clock menu more-arrow no yes mobile

Filed under:

A Receiver You’ve Never Heard of Delivered the Catch of the Year

Seattle’s Paul Richardson dropped jaws — and caused controversy — against Detroit

(Getty Images)
(Getty Images)

Raise your hand if you thought that Seattle’s big matchup might deliver a little bit of controversy.

Yeah, me too.

OK, now raise your hand if you predicted that Paul Richardson would deliver the catch of the year.

If you’re saying “Who?” instead of lifting your arms into the air, you’re probably not alone. Seattle’s third-year wideout caught just 21 passes all season for 288 yards while functioning mostly as the Seahawks’ fourth or fifth option in the passing game behind Doug Baldwin, Jermaine Kearse, Jimmy Graham, and Tyler Lockett (when healthy). But on fourth-and-goal from the 2-yard line with 7:07 left in the second quarter of his team’s wild-card showdown with the Detroit Lions, Richardson delivered an instantly star-making one-handed touchdown catch on one of the most ridiculous reach-through-the-defender grabs I’ve ever seen.

Russell Wilson’s lob toward the sideline was too slow and too low, which forced Richardson to stop his route and come back to the ball, fight through pass interference, yet somehow manage to scoop it and pull it into his body for the game’s first score.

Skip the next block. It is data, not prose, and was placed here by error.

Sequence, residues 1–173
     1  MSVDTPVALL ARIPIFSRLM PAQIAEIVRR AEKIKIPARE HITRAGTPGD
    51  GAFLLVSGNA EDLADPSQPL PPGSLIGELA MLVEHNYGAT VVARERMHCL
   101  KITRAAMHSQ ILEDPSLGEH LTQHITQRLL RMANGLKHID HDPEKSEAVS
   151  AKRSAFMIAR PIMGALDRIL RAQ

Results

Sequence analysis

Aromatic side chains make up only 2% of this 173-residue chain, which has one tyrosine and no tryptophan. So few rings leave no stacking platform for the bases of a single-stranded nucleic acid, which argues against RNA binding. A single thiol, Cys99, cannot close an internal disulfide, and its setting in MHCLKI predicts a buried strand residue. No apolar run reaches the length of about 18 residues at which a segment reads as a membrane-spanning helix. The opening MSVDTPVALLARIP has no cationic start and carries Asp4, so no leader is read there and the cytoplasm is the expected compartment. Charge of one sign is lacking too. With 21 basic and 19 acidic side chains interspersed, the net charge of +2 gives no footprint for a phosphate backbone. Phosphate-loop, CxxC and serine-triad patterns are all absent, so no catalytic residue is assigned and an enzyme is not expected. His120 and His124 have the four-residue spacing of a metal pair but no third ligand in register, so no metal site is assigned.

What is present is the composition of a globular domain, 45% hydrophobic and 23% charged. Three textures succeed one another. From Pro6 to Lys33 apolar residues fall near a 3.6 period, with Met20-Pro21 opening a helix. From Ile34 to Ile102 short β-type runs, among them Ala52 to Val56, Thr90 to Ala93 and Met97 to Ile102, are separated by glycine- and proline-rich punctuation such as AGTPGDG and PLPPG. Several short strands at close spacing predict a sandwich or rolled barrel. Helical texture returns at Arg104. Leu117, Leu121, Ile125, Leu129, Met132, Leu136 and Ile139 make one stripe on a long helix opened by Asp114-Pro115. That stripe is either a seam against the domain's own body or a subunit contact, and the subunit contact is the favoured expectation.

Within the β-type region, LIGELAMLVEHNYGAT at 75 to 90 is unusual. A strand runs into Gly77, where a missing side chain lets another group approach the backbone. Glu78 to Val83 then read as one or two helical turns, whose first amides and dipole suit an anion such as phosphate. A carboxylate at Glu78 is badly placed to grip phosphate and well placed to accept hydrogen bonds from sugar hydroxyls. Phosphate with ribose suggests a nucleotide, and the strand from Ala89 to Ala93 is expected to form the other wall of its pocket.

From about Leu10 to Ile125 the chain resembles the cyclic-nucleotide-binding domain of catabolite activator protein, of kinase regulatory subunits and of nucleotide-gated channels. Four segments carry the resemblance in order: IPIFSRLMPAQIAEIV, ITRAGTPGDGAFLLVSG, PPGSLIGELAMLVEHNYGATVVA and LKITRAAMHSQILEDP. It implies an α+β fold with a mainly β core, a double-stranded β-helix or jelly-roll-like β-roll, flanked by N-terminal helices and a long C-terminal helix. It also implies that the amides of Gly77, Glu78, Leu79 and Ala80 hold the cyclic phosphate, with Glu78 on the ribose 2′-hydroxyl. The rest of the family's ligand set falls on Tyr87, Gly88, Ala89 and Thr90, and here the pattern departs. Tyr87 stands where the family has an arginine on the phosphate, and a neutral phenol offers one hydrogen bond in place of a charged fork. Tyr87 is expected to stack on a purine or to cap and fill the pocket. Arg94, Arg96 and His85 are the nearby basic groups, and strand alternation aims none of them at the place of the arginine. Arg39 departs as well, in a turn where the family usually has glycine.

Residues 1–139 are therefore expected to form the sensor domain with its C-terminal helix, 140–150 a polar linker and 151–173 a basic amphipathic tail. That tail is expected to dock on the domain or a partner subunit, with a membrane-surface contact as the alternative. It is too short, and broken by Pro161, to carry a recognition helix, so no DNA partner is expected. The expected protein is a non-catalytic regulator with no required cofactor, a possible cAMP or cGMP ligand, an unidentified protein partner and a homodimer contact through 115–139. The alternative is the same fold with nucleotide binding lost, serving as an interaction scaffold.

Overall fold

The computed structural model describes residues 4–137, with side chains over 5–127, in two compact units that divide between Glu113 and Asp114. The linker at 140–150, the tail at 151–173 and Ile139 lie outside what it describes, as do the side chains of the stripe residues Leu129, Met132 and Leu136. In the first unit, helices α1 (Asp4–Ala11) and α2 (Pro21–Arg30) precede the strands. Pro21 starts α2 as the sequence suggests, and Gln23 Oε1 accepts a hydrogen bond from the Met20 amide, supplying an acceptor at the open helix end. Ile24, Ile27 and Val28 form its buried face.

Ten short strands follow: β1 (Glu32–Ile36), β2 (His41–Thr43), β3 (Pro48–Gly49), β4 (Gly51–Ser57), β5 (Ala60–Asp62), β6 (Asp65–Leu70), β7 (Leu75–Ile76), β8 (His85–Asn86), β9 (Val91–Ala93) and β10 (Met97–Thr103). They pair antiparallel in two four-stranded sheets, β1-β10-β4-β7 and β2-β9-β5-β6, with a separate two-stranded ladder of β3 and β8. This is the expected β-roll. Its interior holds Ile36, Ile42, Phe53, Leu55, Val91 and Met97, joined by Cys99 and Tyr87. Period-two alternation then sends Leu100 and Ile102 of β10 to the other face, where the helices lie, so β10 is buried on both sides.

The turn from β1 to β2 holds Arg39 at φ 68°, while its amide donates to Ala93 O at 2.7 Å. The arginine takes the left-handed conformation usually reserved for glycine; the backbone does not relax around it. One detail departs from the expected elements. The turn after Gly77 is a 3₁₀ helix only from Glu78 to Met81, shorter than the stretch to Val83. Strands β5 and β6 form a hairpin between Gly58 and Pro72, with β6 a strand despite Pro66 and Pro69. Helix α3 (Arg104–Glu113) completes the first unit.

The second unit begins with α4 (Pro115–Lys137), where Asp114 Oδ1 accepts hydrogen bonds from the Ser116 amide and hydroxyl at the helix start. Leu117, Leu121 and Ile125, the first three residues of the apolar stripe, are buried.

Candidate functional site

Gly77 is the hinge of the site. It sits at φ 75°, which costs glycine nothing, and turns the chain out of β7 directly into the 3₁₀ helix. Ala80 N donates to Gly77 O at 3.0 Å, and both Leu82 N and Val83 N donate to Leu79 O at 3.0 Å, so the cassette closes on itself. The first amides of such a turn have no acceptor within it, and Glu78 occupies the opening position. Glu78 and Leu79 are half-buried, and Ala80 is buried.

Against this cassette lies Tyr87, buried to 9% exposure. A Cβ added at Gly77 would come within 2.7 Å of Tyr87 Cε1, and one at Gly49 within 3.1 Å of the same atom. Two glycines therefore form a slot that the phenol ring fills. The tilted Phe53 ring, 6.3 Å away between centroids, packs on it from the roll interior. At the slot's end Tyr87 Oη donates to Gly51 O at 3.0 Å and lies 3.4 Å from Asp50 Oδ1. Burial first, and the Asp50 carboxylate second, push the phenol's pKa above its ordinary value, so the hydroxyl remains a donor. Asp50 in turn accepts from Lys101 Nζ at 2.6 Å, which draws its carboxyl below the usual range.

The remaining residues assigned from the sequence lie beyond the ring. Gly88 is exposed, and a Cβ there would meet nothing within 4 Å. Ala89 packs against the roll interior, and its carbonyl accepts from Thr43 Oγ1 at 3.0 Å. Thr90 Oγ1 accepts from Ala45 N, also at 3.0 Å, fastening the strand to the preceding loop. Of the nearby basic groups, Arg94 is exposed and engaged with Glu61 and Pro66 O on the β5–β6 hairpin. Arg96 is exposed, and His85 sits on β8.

Take a closer look at the play, and that “somehow” become a little clearer: Part of the reason Richardson one-handed it was because his other hand was on Detroit defender Tavon Wilson’s face mask, an unfortunate non-call for the Lions that would’ve meant offsetting penalties.

As the game’s second half commenced, NBC’s Michele Tafoya said that referees told Lions head coach Jim Caldwell that they got the call wrong (a claim referee Brad Allen denied after the game), but that the play was unreviewable. It wouldn’t be the playoffs — or a Seahawks game — without some sort of officiating version of the thinking-face emoji.

Regardless, it’s exactly the type of play the Seattle offense badly needed. After struggling in the red zone all year — converting just 46 percent of their trips inside the 20-yard line into touchdowns, 28th in the NFL — it looked like that futility near the end zone was going to continue on Saturday night. But on the fourth down, on a play that probably should’ve failed, Richardson made an impossible-looking play possible, fueling Seattle’s hopes.

And he didn’t stop there: In the waning minutes of the fourth quarter, with Seattle leading 19–6 and looking to seal the game, Richardson extended for another stunning one-handed grab, once again managing to bring in the ball despite drawing PI:

Few people outside of Seattle knew Richardson’s name entering a game that Seattle eventually won 26–6, and in which he caught three passes for 48 yards and that tone-setting score. But no one’s going to forget it as the Seahawks prepare to face the Falcons next weekend.